Most people don’t realize that mouth breathing is a complex health concern that can lead to sleep apnea, speech impediments, and improper facial growth.
If your child is mouth breathing, s/he can learn to change the habit. That’s where we come in. It’s our job to help patients learn how to change the habit and breathe properly. Learning how to breathe through the nose instead of the mouth prevents pediatric patients from a slew of serious health issues in adulthood, including sleep apnea, speech impediments, improper facial growth, and restricted oxygen flow to the brain and other tissues.
For some people, breathing through the mouth is due to nasal airway restriction, but for others an open mouth is simply a habit — their mouth rests in an open position when they’re not focused on keeping it closed. We call this either “open mouth resting posture” or “mouth breathing”
The natural position for healthy breathing is always with a closed mouth, inhaling and exhaling through the nose.
Some adults are very aware of their open mouth habit, while others have never noticed it until they meet me. Most of the time, adult patients are self-conscious about their open mouth habit, and can’t understand why it’s so challenging for them to keep their lips together when they aren’t speaking or eating.
Does Mouth Breathing Actually Matter That Much?
While having an open mouth may seem like a silly thing to be concerned about, and even a simple problem to fix, it’s actually neither.
The Serious Health Effects of Mouth Breathing
Teeth and braces: If your mouth is open, it is impossible for you to have healthy tongue posture and swallowing habits. This will limit the growth potential of your palate which will create teeth problems, such as crooked or crowded teeth, overbite, overjet, a narrow arch, and a gummy smile. Due to these complications your braces will take longer and your treatment will be much more challenging for your orthodontist. Additionally, the stability of the alignment of your teeth will be compromised once your braces are removed. This means you are likely to experience orthodontic relapse and you may need braces again in the future.
Speech: When children have an open mouth, they are more likely to struggle with certain speech sounds. The most commonly associated speech problem is a lisp, or the inability to say “S” sounds correctly. Speech is affected because when you have an open mouth, you also have what we refer to as a “tongue thrust swallowing pattern.” This type of swallowing pattern causes the tongue to protrude, or push forward during speaking and swallowing.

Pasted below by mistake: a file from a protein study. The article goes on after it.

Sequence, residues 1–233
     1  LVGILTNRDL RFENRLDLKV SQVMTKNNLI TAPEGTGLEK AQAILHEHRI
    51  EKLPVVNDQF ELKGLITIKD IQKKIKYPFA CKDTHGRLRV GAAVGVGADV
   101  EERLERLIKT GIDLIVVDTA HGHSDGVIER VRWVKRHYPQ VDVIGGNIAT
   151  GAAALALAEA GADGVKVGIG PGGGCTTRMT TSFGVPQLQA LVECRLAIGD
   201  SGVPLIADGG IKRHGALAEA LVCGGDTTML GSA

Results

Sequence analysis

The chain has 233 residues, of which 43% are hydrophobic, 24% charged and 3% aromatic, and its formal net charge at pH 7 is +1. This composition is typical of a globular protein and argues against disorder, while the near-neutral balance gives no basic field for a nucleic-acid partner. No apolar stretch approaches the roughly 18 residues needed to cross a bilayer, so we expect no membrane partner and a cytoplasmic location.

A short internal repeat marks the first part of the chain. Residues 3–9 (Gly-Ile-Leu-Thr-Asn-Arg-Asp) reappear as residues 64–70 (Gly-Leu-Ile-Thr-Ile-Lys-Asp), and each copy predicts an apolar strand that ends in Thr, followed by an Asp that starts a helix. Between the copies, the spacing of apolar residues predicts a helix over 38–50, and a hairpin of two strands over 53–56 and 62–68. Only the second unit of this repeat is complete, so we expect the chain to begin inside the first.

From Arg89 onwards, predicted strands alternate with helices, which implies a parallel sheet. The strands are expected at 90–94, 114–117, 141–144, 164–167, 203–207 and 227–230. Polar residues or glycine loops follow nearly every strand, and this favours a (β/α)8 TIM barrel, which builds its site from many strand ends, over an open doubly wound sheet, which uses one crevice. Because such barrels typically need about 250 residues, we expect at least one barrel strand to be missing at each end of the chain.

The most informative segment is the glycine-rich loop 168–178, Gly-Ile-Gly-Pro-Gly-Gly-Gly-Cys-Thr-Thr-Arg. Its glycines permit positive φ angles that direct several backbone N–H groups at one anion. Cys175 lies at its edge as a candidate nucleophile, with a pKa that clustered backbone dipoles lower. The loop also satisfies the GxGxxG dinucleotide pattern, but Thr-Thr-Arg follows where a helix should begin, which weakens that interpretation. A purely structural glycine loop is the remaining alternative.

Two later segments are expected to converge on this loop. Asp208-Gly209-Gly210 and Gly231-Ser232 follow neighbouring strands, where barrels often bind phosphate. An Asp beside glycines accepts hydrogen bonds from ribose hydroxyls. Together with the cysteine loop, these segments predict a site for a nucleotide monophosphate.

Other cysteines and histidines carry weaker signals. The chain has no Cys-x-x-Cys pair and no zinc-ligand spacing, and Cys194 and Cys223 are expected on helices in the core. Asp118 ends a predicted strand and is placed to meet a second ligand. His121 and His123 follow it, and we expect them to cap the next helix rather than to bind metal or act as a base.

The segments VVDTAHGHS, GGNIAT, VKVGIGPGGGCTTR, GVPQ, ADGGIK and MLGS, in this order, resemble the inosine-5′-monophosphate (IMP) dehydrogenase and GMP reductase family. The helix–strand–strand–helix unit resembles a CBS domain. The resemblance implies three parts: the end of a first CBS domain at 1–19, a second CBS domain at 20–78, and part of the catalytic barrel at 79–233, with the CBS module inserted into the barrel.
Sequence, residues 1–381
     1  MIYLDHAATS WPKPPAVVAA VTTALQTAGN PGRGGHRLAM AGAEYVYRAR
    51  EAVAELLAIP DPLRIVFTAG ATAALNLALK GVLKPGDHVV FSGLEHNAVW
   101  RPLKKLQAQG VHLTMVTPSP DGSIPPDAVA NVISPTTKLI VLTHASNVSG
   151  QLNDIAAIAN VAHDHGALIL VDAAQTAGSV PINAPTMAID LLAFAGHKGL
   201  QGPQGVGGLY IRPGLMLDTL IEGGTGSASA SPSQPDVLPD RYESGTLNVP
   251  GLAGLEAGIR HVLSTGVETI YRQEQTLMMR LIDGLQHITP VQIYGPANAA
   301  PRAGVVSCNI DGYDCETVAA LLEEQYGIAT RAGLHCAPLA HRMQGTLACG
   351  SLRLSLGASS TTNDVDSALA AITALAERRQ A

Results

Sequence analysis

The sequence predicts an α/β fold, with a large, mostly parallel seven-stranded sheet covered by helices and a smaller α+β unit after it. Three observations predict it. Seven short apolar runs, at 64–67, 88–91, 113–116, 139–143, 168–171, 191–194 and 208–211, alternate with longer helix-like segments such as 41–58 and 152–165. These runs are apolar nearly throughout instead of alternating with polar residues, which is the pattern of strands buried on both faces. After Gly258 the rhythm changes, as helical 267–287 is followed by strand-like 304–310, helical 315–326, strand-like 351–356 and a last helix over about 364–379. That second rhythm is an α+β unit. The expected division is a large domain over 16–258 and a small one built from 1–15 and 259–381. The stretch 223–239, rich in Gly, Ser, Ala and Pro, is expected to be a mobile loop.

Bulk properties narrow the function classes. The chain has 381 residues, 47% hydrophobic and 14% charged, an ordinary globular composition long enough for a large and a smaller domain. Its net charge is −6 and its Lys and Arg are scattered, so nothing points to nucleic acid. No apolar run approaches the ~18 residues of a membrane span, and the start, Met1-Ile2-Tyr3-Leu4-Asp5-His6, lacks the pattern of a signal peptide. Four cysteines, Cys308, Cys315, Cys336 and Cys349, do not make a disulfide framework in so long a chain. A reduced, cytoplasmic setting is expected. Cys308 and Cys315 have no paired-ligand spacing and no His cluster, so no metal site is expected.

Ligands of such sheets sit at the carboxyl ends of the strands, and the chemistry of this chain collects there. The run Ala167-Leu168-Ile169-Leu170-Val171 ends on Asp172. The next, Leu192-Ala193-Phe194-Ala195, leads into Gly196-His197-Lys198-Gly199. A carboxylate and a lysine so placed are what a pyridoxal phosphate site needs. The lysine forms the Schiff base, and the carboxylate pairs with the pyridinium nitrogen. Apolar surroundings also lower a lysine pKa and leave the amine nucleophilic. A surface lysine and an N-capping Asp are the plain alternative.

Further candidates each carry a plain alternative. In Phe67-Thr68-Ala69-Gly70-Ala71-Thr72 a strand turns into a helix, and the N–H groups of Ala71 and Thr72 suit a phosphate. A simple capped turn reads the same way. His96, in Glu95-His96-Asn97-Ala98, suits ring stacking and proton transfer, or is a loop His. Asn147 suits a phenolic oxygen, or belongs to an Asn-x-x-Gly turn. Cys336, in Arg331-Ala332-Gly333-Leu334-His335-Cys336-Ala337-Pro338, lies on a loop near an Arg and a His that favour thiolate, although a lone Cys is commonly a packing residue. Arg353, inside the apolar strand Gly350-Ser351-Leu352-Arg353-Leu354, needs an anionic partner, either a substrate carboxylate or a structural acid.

Facial growth and development: It’s important to realize that growth is a very powerful force. A child with an open mouth will very likely grow into an adult with flatter facial features, less prominent cheekbones, a longer face, droopier eyes and lower facial muscle tone, a narrower palate, a smaller retruded jawline, and poor chin and neck definition. By closing the mouth and breathing through the nose, these negative growth patterns can be avoided and your child will grow to their ideal beauty and health potential.
Sleep and oxygen:When adults and children breathe through their mouths during the day, chances are very high that they also breathe through their mouths all night long as well. Mouth breathing at night, combined with an retruded jaw and smaller airway, are two symptoms directly connected to sleep apnea and altered levels of carbon dioxide and oxygen in the bloodstream. When less oxygen is able to reach the brain, learning and the ability to focus at school becomes a problem for many children. In adults, chronic fatigue, tiredness, and brain fog are common symptoms related to these issues. During the day, mouth breathing results in poor origination of brain and other body tissues, higher CO2 levels in the body, and reduced oxygen intake in the lungs. Your nasal cavity is also not able to filter your air, removing viruses, bacteria, and other particles from the air you breath.